To Kill a Mockingbird Essay examples

Submitted By ballislife189
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To Kill a Mockingbird Active Reading Log One major objective of our course is to create active, critical readers who engage with the text they are reading rather than passively receiving it or simply reading the words on the page. To help you “actively” read Harper Lee’s To Kill a Mockingbird, you will complete the following tasks as you read the book.

To be kept in the book

Post-it notes: Post a minimum of three sticky notes per nightly reading assignment Some ideas for posting: ← Foreshadowing/prediction ← Character change or development ← Developing theme, symbol, or motif ← Pivotal event ← Personal connection ← Question you have/clarification you need ← Inference (your ability to read between the lines—“this really means…”)

On your sticky note, you should record your thoughts—keep it specific but brief: “Why does Jem tell Scout to hush when she asks Dill about his dad?” “Example of self vs. society theme” “I think Atticus knows what the children are up to”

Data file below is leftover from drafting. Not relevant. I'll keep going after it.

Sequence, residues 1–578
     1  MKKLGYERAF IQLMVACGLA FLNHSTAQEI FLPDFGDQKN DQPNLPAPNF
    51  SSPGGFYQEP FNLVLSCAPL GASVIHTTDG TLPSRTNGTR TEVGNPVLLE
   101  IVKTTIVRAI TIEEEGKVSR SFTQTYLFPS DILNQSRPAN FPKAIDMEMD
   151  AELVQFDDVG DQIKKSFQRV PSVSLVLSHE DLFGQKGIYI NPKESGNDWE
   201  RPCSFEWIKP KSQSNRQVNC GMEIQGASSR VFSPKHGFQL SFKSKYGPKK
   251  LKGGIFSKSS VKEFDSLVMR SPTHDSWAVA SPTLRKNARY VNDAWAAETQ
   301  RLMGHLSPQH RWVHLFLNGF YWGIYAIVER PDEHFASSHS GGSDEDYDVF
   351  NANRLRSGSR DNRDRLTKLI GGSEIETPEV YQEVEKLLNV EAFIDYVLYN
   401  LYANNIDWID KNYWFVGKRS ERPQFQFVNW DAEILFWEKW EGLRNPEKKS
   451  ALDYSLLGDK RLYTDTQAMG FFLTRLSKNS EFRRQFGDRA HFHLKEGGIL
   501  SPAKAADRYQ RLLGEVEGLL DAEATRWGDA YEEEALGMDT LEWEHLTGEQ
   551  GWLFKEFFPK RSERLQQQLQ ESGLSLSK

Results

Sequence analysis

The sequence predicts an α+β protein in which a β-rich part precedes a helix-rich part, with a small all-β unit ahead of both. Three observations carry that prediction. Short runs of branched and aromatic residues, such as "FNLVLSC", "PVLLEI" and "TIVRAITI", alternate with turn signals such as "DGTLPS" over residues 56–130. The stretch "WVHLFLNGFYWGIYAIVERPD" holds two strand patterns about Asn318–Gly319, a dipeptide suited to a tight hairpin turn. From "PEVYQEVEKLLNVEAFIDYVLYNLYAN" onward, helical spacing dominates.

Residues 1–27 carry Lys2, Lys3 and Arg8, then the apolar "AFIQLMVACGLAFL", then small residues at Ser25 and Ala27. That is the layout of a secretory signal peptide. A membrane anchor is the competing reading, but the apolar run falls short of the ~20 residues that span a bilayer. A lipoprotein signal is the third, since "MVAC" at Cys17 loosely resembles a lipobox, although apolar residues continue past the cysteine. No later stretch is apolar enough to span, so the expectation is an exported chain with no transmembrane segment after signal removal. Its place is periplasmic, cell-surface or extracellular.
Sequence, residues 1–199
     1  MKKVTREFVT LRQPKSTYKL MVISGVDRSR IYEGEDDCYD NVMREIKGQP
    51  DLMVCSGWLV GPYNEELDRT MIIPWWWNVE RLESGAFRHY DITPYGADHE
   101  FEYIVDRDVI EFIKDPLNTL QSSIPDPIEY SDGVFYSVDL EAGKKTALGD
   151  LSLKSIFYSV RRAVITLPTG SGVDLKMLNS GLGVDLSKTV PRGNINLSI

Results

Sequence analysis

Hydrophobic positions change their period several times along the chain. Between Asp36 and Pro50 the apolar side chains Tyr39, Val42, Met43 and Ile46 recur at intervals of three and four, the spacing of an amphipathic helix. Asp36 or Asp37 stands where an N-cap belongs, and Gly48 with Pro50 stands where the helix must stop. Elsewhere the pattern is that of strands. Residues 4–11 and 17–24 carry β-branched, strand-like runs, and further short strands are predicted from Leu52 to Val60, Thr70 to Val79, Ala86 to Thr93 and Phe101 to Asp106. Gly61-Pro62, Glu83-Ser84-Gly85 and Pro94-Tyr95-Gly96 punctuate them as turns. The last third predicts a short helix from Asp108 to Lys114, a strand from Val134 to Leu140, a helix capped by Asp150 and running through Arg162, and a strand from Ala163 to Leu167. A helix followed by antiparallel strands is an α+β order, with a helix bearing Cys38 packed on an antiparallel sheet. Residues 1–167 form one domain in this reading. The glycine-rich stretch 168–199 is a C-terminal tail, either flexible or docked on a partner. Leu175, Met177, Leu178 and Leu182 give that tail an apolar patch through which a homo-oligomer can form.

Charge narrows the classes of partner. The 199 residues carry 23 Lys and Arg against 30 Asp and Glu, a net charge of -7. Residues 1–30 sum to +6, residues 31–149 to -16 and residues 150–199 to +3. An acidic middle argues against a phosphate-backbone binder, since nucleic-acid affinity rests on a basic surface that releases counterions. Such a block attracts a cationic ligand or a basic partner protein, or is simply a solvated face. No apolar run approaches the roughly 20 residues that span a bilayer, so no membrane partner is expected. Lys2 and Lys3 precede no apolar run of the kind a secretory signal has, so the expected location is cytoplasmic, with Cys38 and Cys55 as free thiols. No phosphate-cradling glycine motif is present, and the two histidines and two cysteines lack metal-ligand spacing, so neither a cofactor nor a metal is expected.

To be kept in the literature section of your binder (organized sequentially)

Chapter title: Harper Lee does not title her chapters. I’d like for you to create a title for each chapter. Chapter names are sometimes as simple as an object or event or a phrase in the chapter. I’d like you, for the most part, to try to steer away from the more literal chapter titles, and try to create titles that creatively capture the essence of the chapter. Briefly explain your choice.

Key quote: For each chapter, I’d like you to record a quote (anything word for word from the book, whether it be narration or dialogue) that you think is most important or best represents the essence of the chapter. Include the quote with its speaker and correctly cited page number. Briefly explain your choice.

These tasks will be checked periodically and the chapter title and key quote assignments will be collected at the conclusion of the unit and will